In Years 3 and 4, courses are studied at 'Honours' level, where you will choose from up to 40 specialist courses covering a range of theoretical, practical and historical fields of study.

If you wish to retain the option of practising as a lawyer in Scotland, it may - but not always - be possible to complete the additional courses required.

Where this is an option, it will typically require extra study throughout the programme. Consequently, you must consider the possible impact of this on qualifying as a solicitor.

We highly encourage all students on joint degree honours programmes to discuss their intended pathway with the Law School.

Year 1

You will be introduced to general legal principles and legal techniques and will study compulsory courses including:

  • Scottish Legal System
  • Critical Legal Thinking
  • Contract Law
  • Family Law
  • Public Law of the UK and Scotland
  • European Union Law

You will study either Spanish 1A or 1B, depending on your language skills.

You will also explore a selection of literary texts and films from the Spanish-speaking world.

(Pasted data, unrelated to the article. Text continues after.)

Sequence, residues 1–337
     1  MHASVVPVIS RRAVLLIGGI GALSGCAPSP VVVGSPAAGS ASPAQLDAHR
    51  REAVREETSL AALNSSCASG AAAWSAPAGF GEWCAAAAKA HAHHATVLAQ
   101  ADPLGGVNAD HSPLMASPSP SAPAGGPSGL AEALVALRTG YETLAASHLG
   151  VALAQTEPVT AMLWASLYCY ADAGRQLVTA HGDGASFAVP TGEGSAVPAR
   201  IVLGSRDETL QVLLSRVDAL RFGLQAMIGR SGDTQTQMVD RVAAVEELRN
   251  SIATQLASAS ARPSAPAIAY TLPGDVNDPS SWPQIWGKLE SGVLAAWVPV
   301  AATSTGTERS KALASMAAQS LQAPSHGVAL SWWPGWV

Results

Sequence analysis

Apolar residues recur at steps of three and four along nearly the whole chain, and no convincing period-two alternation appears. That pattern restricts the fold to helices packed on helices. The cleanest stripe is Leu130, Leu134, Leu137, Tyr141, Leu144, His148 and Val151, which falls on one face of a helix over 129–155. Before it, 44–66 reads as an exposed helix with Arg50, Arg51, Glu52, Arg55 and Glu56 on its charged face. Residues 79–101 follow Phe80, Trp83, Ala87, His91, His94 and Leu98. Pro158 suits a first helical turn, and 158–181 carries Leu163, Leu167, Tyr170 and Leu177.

Year 2

Your courses may include:

  • Property Law
  • Jurisprudence
  • Public Law and Individual Rights
  • Delict
  • Criminal Law
  • Revenue Law
  • International Private Law
  • Business Entities
  • Commercial Law
  • Evidence
  • Succession and Trust Law

In Year 2, you will build on the Spanish language skills you developed in Year 1. You will also continue to study the literatures and cultures of the Spanish-speaking world.

Additionally, you might like to take optional courses in Catalan or Portuguese.

Year 3

During Year 3, you will spend at least 30 weeks on approved study placement in a Spanish-speaking country studying agreed courses in law and Spanish.

Our graduates have told us how much the year abroad has benefited their broader life experience and skills, as well as their linguistic and intercultural competencies in Spanish.

All students who spend Year 3 abroad must also take the compulsory course Advanced Legal Writing (Online).

Year 4